Earning an interpreter degree, along with having experience, are the two best ways to demonstrate your interpretation skills to potential employers.
Gaining the requisite interpretation experience takes some effort as well as some luck, but if you’ve got the time and money, earning an interpretation degree can also be a great way to further your interpreting career.
While there aren’t thousands of schools out there that offer interpreter-specific degrees like with other degrees, there are some very good resources that potential interpreters can access which can give them a great head start on earning a degree that will help them further their interpretation career.
One thing to understand about getting an interpreter degree, though, is that even if a school has a dedicated degree program for translators, it might not necessarily have one for interpretation. Brigham Young University is a great example of this.
I earned my undergraduate degree at BYU in Spanish Translation, which worked great for me; however, there was no equivalent degree program for interpretation, which was too bad considering the number of people at BYU interested in foreign language career fields.
There might be a few different explanations for this, but I think it probably most likely has to do with the fact that there are less professional interpreters than translators. So while it might be less of a problem to find a professor knowledgeable about translation and the requisite skills to become a translator, it would be much tougher to find a professor to teach the same classes for interpretation.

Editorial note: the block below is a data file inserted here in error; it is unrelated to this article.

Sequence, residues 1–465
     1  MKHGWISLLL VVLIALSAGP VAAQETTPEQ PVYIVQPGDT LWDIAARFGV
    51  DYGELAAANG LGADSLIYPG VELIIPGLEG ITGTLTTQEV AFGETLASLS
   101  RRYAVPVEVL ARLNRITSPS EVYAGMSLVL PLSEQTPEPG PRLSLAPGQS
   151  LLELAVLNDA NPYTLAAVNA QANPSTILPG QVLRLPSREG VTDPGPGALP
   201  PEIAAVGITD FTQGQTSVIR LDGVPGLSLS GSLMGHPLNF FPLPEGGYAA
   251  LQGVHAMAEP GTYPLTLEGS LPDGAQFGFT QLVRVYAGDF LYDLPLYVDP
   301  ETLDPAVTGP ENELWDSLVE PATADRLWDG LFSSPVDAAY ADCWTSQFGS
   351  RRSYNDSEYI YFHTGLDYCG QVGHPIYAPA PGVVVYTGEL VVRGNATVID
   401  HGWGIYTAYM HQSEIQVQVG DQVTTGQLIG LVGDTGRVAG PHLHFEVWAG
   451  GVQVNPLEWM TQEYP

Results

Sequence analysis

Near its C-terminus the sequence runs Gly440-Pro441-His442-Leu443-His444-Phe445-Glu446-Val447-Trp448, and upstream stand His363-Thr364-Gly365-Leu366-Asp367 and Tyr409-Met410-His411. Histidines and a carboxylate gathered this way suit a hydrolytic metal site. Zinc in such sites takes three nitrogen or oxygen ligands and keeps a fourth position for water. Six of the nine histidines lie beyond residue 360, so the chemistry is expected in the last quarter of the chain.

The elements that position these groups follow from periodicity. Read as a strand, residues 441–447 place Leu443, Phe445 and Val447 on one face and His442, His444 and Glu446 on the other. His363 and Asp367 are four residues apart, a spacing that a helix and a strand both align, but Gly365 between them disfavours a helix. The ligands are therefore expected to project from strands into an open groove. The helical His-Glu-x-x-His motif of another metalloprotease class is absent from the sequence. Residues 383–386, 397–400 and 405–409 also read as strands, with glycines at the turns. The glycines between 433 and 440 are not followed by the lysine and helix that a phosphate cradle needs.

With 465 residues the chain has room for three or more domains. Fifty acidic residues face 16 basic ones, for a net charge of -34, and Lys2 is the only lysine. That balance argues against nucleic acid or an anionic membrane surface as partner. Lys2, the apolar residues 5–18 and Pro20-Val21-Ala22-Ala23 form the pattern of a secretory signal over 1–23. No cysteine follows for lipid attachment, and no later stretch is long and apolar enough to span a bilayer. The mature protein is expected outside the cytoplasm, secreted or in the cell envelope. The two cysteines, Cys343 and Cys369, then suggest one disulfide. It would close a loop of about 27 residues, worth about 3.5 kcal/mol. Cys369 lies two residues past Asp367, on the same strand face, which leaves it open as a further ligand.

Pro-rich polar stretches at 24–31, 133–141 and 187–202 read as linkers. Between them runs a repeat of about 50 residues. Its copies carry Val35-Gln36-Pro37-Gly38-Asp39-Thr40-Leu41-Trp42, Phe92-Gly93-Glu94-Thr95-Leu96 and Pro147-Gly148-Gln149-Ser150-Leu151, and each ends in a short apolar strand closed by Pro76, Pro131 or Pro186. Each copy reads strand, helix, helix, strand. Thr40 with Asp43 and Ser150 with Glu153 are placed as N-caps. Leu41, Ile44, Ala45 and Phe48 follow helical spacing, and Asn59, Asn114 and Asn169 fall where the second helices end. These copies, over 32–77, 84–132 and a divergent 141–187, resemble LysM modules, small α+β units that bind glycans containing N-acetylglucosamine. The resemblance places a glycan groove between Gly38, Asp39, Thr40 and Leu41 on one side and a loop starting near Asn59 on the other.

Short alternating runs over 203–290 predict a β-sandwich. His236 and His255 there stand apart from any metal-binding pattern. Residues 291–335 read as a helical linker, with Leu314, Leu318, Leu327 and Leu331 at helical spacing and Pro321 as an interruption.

Another reason might be that a large portion of interpreters are either employed as state court interpreters, federal court interpreters, or as medical interpreters. And these interpreter fields have their own interpreter training programs and don’t require interpreters that have graduated from universities with interpreter-related degrees.
Best Interpretation School in the U.S.
As such, there are not many schools in the U.S. that offer these types of degrees; however, on the plus side, the one school in the United States that is well-known for its language program is a very good school that has prepared both translators and interpreters to work in a wide variety of language positions.
This school is the Monterey Institute of International Studies, or MIIS.
MIIS is located in Monterey, California, and is well-known as one of the top graduate schools in the world in interpretation. It is famous throughout the world for producing graduates in all areas of translation and interpretation.
While many colleges and universities only offer a general translation or interpretation degree, MIIS allows its students to specialize in one of many different areas. And what’s great is that MIIS is really a breeding ground for interpreters that go on to work at major international venues like the United Nations or European Commission, which is the goal of many of the students that undertake interpretation degrees at MIIS.